A niche that’s bigger than a green field

I don’t believe in Facebook.

No, let’s try it again – I don’t believe in YOU being able to create another Facebook. Don’t get me wrong, it’s not you – I can’t make one either. And it’s not because we’re dumb – it’s because facebook solves no particular problem at all. Nobody had a need that facebook solved. Nobody was begging for it, crying about millions of wasted dollars that could have been saved if only facebook was there. Since there was no need, the chance of facebook ever succeeding was basically zero.

Yes, this post is about finding your niche.

Let’s start debunking one of the most famous myths in entrepreneurship: the need for a “large enough pie.”

“My product is applicable to every adult on the planet! If we’re even mildly successful, we’ll be able to sell to just ONE PERCENT! And that’s amounts to a billion dollars a minute!..”

Fine, I promise you – no more exaggerations for a couple minutes.

Admit it, though: you’ve heard some version of this pitch, with similar numbers that seemed so believable. A product that aims to serve everyone serves noone. If you are creating something that truly everyone can use, it is by definition so shallow in its usefulness that noone will extract serious value out of it and pay you for it. And don’t bring up the iPhone as a counter-example – it’s not a product created from scratch. It’s a product created by people who’ve been making similar products for a decade, with a multi-billion-dollar investment.

If you’re lucky, you’ll create Mint.com.

Let’s look at Mint and why they’re successful. They chose a TINY niche – personal finance – where people were really struggling. Existing solutions cost money and were incredibly clunky; there was more than enough research suggesting that individuals that track their finances tend to be better off in the long run. The public had a need and a want; creators of Mint didn’t have to make one up for them. Their product took off like fire – a typical seven-year overnight wonder.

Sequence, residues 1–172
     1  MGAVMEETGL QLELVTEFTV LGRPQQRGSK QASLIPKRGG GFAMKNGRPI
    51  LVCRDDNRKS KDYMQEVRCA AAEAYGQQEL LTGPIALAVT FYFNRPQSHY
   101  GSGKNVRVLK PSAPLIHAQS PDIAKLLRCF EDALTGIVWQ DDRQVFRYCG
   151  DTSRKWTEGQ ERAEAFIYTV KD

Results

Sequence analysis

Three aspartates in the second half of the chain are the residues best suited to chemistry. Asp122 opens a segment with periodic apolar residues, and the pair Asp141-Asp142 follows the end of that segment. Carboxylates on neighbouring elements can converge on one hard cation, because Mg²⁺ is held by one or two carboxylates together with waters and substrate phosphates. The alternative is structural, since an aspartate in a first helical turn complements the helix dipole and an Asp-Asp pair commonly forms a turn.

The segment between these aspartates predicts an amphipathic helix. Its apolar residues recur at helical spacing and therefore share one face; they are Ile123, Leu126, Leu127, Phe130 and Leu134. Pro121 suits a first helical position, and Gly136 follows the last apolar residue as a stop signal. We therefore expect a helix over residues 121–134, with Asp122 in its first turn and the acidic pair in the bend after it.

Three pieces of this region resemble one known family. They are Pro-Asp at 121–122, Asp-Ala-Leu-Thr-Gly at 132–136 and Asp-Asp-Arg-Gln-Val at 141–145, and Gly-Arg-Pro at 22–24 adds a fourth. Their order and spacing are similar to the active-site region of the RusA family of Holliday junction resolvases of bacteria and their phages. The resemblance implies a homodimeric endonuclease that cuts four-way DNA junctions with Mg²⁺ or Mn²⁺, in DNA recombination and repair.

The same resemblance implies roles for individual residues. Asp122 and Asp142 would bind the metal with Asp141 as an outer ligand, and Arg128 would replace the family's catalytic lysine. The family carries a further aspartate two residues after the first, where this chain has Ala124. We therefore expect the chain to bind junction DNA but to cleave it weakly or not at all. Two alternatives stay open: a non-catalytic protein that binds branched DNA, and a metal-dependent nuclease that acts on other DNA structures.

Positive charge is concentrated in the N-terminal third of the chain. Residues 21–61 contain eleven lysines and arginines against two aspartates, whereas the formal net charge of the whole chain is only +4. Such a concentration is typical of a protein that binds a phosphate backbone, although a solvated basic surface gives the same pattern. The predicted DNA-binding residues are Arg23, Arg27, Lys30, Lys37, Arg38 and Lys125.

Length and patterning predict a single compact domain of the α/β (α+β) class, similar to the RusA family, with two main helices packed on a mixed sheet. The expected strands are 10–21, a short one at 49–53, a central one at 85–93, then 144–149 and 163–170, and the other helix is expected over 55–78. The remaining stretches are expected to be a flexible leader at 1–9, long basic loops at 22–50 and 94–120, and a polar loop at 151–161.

Why? It is much easier to sell something that people *already have a need for* than convince them that they have a need, and then sell them your snow in winter. Do people *need* a fart app? Do they have some sort of mental gas that they need to pass?..

Contrast this with a coloring book kids app that my friend makes, Colorama. People have a need to keep their kid busy when they’re in a social setting. That need doesn’t need to be explained – it’s obvious to the parents. The simple app my friend built just capitalizes on that need – a very niche need, that is – and simply delivers on this very narrow promise.

I’ll claim that the narrower the need, the easier it is to satisfy. And the happier the people will be with your product in the end.

I’ll also claim that there are unmet needs – small needs – everywhere you look. From scheduling software in your dentists’ office, to a yield management system for the nearby restaurant, to organic/fair trade coffee shop in your neighborhood.

Moreover, these small needs have another characteristic: the solutions frequently need no capital to start. Your customers are right there, just talk to them. Start your company as a consulting business if you have to. Do you know what most consumer-focused startups would pay for a customer that’s telling them how much they need their product – and is willing to pay for it?..